In this study, we wanted to study surface properties, bioactive components on the particles, and how particles affected living cells and it was important to preserve the particles as close to their original constitution as possible. We therefore used pyrogen-free water as extraction medium and the extraction procedure was tried out with respect to variables such as volume of extraction medium and extraction time. The extraction was done with a probe sonicator with the filters placed in sterile 50-ml polypropylene tubes. An appropriate volume was found to be 2 ml and this was sufficient to cover the whole filter and that volume did not result in an unnecessary dilution of the particle samples. Different extraction times were also tested out and after visual examination, it was apparent that extraction for 2 min was sufficient to detach the particles from the filters. Sonication generates heat and to avoid overheating, the extraction procedure was carried out in two 1-min cycles with a 10-s pause in between. During extraction, the tubes with filters were also chilled in a beaker with ice and the probe was submerged between 3 to 5 mm in the extraction media. The tip of the probe was also placed on the back side of the filter to avoid direct contact with the particle-containing side. Before extraction of each sample, the probe was cleaned with 70% ethanol and deionized sterile water. A practical number of samples that would be handled simultaneously during one weighing and extraction procedure were tested out and found to be between 15 and 20. Directly after extraction, the particle suspension was divided into six 300 μl aliquots that were frozen in − 82 °C until the different analyses could be performed. Before analysis, the samples were diluted as described in the “Materials and methods” section.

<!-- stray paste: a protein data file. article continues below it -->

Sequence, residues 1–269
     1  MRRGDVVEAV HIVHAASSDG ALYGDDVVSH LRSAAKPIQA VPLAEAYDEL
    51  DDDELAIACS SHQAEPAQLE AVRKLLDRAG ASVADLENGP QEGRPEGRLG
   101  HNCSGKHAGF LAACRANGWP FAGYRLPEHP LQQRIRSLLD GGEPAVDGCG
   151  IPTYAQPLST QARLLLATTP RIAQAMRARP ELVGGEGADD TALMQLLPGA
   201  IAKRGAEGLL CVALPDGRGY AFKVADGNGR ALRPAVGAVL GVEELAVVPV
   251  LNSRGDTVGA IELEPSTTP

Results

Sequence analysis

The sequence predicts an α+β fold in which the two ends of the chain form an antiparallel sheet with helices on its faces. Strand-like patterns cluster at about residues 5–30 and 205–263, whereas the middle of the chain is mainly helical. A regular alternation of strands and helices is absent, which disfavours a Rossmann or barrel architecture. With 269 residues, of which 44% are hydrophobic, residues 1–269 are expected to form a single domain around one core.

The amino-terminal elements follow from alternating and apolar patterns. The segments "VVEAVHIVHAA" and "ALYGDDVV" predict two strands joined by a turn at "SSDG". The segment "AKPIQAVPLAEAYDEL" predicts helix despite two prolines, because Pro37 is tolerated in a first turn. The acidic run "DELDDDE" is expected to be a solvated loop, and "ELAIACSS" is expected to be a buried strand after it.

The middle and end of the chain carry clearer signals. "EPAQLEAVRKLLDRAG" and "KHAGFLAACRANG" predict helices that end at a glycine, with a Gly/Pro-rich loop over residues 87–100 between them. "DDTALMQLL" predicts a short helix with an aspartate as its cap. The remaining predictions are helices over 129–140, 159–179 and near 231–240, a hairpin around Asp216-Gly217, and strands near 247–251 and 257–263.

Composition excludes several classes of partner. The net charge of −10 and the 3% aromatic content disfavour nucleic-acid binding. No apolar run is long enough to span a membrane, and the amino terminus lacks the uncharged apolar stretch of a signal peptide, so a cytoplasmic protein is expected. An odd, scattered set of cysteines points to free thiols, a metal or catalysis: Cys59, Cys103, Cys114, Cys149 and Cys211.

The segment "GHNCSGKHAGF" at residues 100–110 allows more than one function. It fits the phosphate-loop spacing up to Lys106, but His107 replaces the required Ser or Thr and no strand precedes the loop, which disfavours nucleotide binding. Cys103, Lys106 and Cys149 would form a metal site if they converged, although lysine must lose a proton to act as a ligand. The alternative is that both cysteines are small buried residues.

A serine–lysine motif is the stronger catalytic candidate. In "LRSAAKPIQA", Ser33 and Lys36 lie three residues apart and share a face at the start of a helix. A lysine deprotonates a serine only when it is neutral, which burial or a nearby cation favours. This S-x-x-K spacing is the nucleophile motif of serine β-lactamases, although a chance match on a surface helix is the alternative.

Variation in particle mass, composition, and reactivity at two sites during 21 months